Hitched Up: Tips For Selecting A Bumper Pull Hitch

bumper pull hitch

Are you using the right trailer hitch for your tow rig? Hitches aren’t one size fits all, and if you aren’t using the right hitch, it could lead to some serious issues. We talked with Jason Jones from RealTruck to get a quick education on selecting a bumper pull hitch and how to pick the right one for any application.

To set the table, you first need to know what Gross Trailer Weight (GTW) and Tongue Weight (TW) are when it comes to hitches. GTW is the weight of a trailer when it’s fully loaded and includes the weight of the trailer itself. The TW is the force applied at the vehicle-trailer connection point. These are the two most important hitch measurements you need to keep in mind when shopping for a hitch. They need to be in line with what your tow vehicle can handle as well.

Bumper pull hitches are broken down into classes. Class I and II hitches are smaller units designed for cars or SUVs that want to tow light loads. Class III, IV, and V hitches have GTWs that range from 5,000 to 17,000 pounds and TWs that exceed 500 pounds. These are the hitches you typically see used on trucks and SUVs that pull car trailers.

Jones has some advice in regards to picking a bumper pull hitch.

“Remember that you’re limited by the lowest-rated component. For example, if your hitch can handle 8,000 pounds, but your vehicle can only haul 3,000 pounds, you’re maxed out at 3,000 pounds. Once you have that figured out, you need to find the right class hitch. A load leveling hitch might be something you might look into as well, depending on your setup and how it tows.”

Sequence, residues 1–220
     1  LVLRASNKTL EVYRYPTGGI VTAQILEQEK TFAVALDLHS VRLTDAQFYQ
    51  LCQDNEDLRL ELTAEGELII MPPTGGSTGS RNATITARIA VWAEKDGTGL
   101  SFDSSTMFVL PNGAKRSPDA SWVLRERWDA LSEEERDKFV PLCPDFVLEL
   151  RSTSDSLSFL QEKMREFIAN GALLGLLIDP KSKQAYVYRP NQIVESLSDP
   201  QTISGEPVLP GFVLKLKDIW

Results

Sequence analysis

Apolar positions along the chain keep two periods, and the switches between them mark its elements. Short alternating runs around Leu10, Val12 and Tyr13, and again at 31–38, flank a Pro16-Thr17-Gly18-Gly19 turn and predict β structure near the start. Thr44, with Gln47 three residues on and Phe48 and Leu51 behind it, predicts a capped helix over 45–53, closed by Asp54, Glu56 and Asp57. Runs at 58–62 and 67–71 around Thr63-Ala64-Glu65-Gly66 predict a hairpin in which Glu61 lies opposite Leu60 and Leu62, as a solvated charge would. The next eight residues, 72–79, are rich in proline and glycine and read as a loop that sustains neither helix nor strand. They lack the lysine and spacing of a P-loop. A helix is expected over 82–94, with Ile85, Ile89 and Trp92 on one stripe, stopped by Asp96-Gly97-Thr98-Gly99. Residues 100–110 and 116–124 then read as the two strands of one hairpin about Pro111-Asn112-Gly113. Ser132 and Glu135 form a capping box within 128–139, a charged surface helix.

bumper pull hitch

So, what exactly is a load-leveling hitch? These hitches include a mounting system that allows you to use torsion bars to assist with where the weight is placed.

“Anytime you have a lot of tongue weight, I would recommend using a load leveling type of hitch. This is important because when there’s an excessive amount of weight on the rear axles of your truck, it lifts the front of the truck. When the front is lifted, steering and braking can be impacted. It can also cause a rougher ride since your rear springs would be heavily compressed. Load level hitches really help to mitigate these issues and will improve how your truck tows,” Jones says.

To sum things up, you want to make sure the bumper pull hitch you select is rated for the load you’re going to tow. If the nose of your truck is trying to kiss the sky, a load-leveling hitch could help even things out. The last thing you want to deal with are towing issues thanks to a hitch that’s not up to the task you’re asking it to complete.

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Brian Wagner

Spending his childhood at different race tracks around Ohio with his family’s 1967 Nova, Brian developed a true love for drag racing. Brian enjoys anything loud, fast, and fun.
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